Archives by Day

June 2024

Monster Hunter Stories

Platform(s): Nintendo 3DS, Nintendo Switch, PC, PlayStation 4
Genre: RPG/Strategy
Publisher: Capcom
Release Date: June 14, 2024


As an Amazon Associate, we earn commission from qualifying purchases.

PC Preview - 'Monster Hunter Stories'

by Cody Medellin on May 20, 2024 @ 8:00 a.m. PDT

Embark on a journey into a colorful world where mighty monsters roam and people make a living by hunting them.

Monster Hunter Stories launched on the Nintendo 3DS in 2017. A spin-off to Capcom's famous multiplayer title, it was a highly regarded single-player RPG that was appropriate for those who didn't care much for the real-time action of the main game or the grinding needed to take down large behemoths. A sequel was inevitable, and it did release to similar acclaim on multiple platforms, but those who didn't own a 3DS didn't get to experience that adventure until now, when Capcom decided that a slightly updated version should finally hit modern platforms. Ahead of the Monster Hunter Stories release next month, we checked out the PC preview build.

The story plays out like any typical anime or game focusing on young people. You play the role of the protagonist in a village that's been cut off from most of the world due to its remoteness. Unlike everyone else who hunts monsters, your village believes in living in harmony with them and even taming a few; they only kill monsters that threaten the village. As you come of age to become a rider, you have to eventually leave the village to find a way to stop a black mist that's threatening humans and monsters alike.

With the shift from being a hunter to a rider comes a shift in gameplay as well. Instead of a real-time action game, Monster Hunter Stories is a standard turn-based RPG that has an open overworld where you can ambush monsters and vice versa. The battle system plays out like rock, paper, scissors with power, speed, and technique being used. It's a simple enough system for anyone to pick up on.

The other major gameplay shift is more of a nod to Pokémon, as you'll be collecting and hatching eggs to build up a stable of monsters. Obtaining these eggs is a process unto itself, as you need to enter various dungeons and try to run away with an egg before the parents catch you, but you're often rewarded with just about any creature in the world joining your side. The good news is that there are various upgrades you can bestow on your egg before it hatches, and you can also transfer traits and abilities from one monster to another regardless of species, ensuring that there's no such thing as a fruitless run.

Based on the original title, there are plenty of things to stretch out the game time. As with any classic RPG, your main quest will easily hit the double-digit range, and the average amount of time for the main questline clocks in at under 40 hours. The game has a bevy of side-quests that will eat up a good chunk of time before and after the main quest is over. There's even online multiplayer that lets you pit your group of monsters against others in arena battles; this really gives the game some legs if the community is there from the outset.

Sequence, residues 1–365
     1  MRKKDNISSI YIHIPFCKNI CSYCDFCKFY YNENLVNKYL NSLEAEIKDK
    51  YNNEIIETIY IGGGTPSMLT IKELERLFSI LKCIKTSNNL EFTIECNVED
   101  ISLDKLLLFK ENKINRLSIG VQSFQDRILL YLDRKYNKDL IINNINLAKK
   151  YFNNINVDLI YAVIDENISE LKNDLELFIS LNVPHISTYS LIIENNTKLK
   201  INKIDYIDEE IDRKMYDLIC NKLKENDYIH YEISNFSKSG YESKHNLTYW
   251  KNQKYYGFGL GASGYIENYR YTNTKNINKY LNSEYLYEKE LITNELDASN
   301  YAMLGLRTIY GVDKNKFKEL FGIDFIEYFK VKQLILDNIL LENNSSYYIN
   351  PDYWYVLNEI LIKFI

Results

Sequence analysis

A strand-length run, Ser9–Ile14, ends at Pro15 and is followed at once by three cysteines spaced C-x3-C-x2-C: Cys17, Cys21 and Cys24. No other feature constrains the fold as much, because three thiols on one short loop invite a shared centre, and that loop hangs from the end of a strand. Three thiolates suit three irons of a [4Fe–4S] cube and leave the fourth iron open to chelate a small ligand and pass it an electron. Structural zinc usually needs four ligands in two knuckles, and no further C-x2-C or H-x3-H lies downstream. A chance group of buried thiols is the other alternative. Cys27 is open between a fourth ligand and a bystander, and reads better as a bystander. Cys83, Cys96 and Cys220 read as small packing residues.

While Monster Hunter Stories doesn't promise any significant new content outside of the fact that all of the creatures and costumes from previous updates are available, it does offer upgrades in other areas. The transition from dual-screen gameplay to a single-screen experience isn't that jarring, since the original 3DS entry only ever used the bottom screen for maps and a battle menu interface, and that translates quite well. It means that menus are visible on the battle screen, and the map is always present on the top right corner of the screen unless you hide it. The controls also feel better, since the camera controls feel better mapped to the right analog stick or mouse rather than the shoulder buttons.

Graphically, the upgrades are big, but don't expect a large change, as the game retains the more cartoon-like look of the original 3DS version. Resolution has been increased, and the graphics have been cleaned up significantly to match. The cel-shaded style of the original gets modified in places to look like textures were stylistically painted on, but there are a few instances where the textures maintain a low-resolution look. The frame rates have been boosted to go to 60fps and beyond, but there are still some elements like flames and flying flags that sport very low frame rates. Draw distances have also increased greatly, and there haven't been any instances of texture or model pop-up in the game's early moments.

The sound has received a few upgrades, but they aren't that significant when compared to the graphics. The music and sound effects remain the same, but they're enhanced with the inclusion of surround sound. New voices are also present for those who want an English or Japanese language track, but those who want the original language will be pleased to hear that the option still exists.

So far, Monster Hunter Stories is a faithful port and upgrade of the original title. The presentation got the necessary upgrades to look and sound good in this modern era, while the controls were adapted from what the original handheld console offered. The gameplay is pretty engaging from what we checked out so far, even though the story feels rather repetitive. The game already offers enough content to keep you busy when you want to deviate from the main quest. We'll be back with the full review closer to the game's launch to see how it pans out.

More articles about Monster Hunter Stories
blog comments powered by Disqus